In total 70 eligible studies across 17 health conditions [most commonly: cancer (k = 20), chronic pain (k = 9), arthritis (k = 6) and multiple sclerosis (k = 5), diabetes (k = 4), fibromyalgia (k = 4)] were identified. Interventions were based on CBT principles in 46 (66%) studies and 42 (60%) included a facilitator. When combining all chronic health conditions, web-based interventions were more efficacious than control conditions in reducing symptoms of depression g = 0.30 (95% CI 0.22–0.39), anxiety g = 0.19 (95% CI 0.12–0.27), and distress g = 0.36 (95% CI 0.23–0.49).
Evidence regarding effectiveness for specific chronic health conditions was inconsistent. While self-guided online psychological interventions may help to reduce symptoms of anxiety, depression and distress in people with chronic health conditions in general, it is unclear if these interventions are effective for specific health conditions. More high-quality evidence is needed before definite conclusions can be made.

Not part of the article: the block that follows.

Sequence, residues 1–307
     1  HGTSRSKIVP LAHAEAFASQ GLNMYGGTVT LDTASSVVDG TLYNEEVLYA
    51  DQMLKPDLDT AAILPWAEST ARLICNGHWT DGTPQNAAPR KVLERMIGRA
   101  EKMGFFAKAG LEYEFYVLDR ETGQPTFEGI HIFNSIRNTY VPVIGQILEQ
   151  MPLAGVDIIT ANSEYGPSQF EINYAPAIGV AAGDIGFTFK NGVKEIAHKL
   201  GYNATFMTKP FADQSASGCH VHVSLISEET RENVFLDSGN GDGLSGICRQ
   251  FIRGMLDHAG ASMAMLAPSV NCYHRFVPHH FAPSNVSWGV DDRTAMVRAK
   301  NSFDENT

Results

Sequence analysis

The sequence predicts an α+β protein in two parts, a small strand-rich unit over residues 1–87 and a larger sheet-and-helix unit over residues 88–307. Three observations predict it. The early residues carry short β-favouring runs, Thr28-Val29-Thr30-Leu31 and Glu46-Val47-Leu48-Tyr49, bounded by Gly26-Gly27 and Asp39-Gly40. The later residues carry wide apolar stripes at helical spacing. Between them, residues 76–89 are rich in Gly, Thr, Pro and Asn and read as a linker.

The scarcity of Romano-British human remains from north-west England has hindered understanding of burial practice in this region. Here, we report on the excavation of human and non-human animal remains1 and material culture from Dog Hole Cave, Haverbrack. Foetal and neonatal infants had been interred alongside a horse burial and puppies, lambs, calves and piglets in the very latest Iron Age to early Romano-British period, while the mid- to late Roman period is characterised by burials of older individuals with copper-alloy jewellery and beads. This material culture is more characteristic of urban sites, while isotope analysis indicates that the later individuals were largely from the local area. We discuss these results in terms of burial ritual in Cumbria and rural acculturation. Supplementary material is available online (https://doi.org/10.1017/S0068113X20000136), and contains further information about the site and excavations, small finds, zooarchaeology, human osteology, site taphonomy, the palaeoenvironment, isotope methods and analysis, and finds listed in Benson and Bland 1963.